Based on the Samuel Beckett’s tragic point of view on human nature, the performance explores the man’s knowledge and possibility to recognize reality when he/she lives in. This bitter story plays with characters immersion in their own heads and thoughts offering comedy passages in many dialogues and scenes.

Ellen Stewart, the founder, artistic director and producer of La MaMa Experimental Theater.

The Metropolitan Museum of Art, located at the New York City’s Fifth Avenue, along the Manhattan’s Museum Mile, has so large art collections that I have needed to visit the museum a couple of times.

On recently Saturday afternoon I was happy that Rosemary O’Neill, an Associate Professor of Art History at Parsons School for design, joined me for visiting the exhibition of contemporary Chinese art.

After spending some time in the Great Hall Balcony  listening to music and chatting, we went to the Florence and Herbert Irving Asian Wing with the collection of Asian art.

Rosemary gave to me a short history of the exhibition “Ink Art: Part as Present in Contemporary China” explaining the significance of aesthetic and technical attributes in some presented works.

Rosemary special pointed out the importance of perfect harmony of different aspects of yin and yang in which Chinese gardens have been arranged for centuries.

The installation “Written Word: Book from the Sky” by Xu Bing (1955) is one of the most well known works of contemporary Chinese art. According to the presented plaque the Xu’s desire was “to create an environment that immerse the viewer in a sea of imaginary words” so an open book was spread across the floor, the ceiling, and on a vertical panel along the walls. Since now this installation has been exhibited in many museums in the world.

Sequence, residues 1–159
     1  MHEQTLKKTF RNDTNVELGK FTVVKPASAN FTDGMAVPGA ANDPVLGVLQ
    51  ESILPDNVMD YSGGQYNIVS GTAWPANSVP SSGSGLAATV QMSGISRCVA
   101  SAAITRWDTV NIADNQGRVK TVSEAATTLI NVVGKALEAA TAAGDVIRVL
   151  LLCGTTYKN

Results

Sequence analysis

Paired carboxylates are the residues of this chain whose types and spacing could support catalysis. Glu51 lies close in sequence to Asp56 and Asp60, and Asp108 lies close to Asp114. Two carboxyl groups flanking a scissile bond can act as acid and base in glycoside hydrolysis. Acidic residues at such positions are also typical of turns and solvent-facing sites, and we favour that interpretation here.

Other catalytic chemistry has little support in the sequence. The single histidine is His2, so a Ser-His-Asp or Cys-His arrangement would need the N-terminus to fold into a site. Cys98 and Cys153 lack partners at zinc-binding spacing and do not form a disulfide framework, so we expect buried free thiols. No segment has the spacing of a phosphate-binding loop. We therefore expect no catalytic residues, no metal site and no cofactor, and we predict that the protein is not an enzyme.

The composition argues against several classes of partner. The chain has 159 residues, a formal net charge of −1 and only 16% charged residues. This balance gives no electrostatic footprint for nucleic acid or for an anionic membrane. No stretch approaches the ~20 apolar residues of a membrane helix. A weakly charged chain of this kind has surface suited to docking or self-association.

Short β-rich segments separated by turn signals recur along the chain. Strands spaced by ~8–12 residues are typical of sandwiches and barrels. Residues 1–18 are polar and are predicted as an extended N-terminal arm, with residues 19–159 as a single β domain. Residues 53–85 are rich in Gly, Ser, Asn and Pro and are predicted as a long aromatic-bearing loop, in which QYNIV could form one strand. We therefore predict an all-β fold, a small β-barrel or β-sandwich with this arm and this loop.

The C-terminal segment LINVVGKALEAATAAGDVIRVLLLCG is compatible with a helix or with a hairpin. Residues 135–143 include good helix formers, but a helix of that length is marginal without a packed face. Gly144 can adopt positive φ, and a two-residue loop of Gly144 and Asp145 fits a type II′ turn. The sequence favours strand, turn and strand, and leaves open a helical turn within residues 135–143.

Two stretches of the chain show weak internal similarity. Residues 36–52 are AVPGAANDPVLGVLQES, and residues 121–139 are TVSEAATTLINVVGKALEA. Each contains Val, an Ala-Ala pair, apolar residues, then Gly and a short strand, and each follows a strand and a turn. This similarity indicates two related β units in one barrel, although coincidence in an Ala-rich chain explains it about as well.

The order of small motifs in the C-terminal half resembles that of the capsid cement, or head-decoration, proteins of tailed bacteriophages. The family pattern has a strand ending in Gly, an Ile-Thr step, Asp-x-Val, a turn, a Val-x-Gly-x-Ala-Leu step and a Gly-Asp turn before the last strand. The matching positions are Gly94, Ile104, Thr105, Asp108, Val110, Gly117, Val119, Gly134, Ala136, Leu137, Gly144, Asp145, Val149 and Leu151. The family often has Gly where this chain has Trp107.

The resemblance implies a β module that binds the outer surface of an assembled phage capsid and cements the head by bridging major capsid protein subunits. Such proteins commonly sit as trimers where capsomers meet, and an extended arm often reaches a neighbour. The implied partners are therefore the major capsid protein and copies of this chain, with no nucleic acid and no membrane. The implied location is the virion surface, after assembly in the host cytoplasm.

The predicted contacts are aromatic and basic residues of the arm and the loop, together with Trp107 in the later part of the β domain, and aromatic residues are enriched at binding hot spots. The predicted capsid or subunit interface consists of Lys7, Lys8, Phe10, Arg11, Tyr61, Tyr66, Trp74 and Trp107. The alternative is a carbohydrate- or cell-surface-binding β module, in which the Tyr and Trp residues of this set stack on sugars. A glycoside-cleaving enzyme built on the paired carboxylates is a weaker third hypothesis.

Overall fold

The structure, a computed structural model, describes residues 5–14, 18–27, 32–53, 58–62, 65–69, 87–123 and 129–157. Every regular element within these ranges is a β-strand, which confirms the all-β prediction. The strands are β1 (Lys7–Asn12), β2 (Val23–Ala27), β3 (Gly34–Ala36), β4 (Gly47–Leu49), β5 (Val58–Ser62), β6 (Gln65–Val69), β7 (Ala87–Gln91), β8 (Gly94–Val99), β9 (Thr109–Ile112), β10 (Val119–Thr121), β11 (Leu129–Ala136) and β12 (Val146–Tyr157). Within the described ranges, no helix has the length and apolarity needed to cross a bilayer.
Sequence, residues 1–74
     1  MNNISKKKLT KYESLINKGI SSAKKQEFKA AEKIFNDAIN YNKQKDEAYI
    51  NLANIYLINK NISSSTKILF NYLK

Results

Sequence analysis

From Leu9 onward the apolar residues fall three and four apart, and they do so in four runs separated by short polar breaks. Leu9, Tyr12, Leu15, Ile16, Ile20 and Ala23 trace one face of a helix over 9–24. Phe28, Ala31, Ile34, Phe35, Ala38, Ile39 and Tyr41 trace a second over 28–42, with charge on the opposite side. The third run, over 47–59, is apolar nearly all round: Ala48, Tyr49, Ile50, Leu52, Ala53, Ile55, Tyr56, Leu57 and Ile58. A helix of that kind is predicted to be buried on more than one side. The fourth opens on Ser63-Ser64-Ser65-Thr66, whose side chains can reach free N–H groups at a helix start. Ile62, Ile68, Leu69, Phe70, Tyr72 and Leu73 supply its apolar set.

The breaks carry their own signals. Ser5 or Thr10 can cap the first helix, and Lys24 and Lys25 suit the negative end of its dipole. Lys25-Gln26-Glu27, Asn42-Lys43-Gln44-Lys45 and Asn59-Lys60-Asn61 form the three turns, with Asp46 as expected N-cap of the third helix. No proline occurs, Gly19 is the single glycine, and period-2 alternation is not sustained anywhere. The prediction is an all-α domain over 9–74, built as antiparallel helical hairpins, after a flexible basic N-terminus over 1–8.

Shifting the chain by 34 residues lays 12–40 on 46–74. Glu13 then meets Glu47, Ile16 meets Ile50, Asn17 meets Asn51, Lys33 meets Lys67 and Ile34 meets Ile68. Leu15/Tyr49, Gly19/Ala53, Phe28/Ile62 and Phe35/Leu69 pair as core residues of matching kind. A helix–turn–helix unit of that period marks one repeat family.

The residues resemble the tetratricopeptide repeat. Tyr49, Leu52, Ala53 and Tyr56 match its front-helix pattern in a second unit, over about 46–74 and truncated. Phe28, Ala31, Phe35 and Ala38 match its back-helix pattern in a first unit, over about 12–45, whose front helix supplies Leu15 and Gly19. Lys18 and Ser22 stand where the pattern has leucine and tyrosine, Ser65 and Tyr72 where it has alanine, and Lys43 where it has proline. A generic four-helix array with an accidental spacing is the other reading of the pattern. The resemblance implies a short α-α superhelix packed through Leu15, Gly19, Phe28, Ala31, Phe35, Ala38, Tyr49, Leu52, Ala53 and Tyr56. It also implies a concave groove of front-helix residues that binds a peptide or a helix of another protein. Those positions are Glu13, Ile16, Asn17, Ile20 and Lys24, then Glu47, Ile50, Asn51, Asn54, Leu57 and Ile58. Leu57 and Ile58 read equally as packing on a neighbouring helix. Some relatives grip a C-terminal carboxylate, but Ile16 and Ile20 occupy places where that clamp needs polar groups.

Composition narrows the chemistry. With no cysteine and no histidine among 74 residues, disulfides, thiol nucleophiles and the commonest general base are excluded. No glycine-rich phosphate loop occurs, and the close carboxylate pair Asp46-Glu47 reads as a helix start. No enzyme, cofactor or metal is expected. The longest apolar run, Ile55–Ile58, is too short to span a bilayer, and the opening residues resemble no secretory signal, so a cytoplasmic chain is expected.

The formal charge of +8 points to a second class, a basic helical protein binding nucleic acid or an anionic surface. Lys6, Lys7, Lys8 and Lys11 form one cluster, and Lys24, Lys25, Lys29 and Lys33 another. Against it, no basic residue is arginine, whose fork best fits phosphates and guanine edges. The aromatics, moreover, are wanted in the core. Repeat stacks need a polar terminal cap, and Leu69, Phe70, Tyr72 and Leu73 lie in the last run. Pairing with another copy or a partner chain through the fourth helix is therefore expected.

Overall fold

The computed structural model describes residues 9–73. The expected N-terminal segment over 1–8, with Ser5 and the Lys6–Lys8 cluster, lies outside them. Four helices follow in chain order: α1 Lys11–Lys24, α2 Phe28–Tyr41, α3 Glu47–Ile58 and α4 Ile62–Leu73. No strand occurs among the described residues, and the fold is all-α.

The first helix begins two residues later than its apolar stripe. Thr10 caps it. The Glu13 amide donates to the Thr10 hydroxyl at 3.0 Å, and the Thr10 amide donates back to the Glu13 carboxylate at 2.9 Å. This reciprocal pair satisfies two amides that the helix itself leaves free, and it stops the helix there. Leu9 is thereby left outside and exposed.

At the end, Rosemary and I also visited certain gallery installations, such as those of the Japanese paintings, woodblock prints, and contemporary works of art.


When the Regional Amtrak train left the Penn Station from New York City to Washington DC, which was my destination from Friday through Sunday last week, it passed through New Jersey, Pennsylvania, Delaware and Maryland, and through cities Philadelphia, Wilmington, and Baltimore.

While the train went further, a landscape changed all the time. Villages and small towns, fields and forests, trees in bloom, ponds, and rivers remained behind the train… One part of the way the train drove along the coast of the Atlantic Ocean…

Washington in spring is a gorgeous city. When I arrived I could see that all trees were in their peak bloom period so the warm weather and thousands of trees covered by white and pink petals made almost spectacular image of the city.

Washington D.C. got another look on Saturday morning. It was a Peak Bloom Date for a couple of thousands cherry trees lining Washington DC’s Tidal Basin and the Lincoln Memorial so the Cherry Blossom Festival could traditionally be held on its paths. The people gathered from very early hours enjoying in the blossom, walks, bike tours or in a leisurely setting.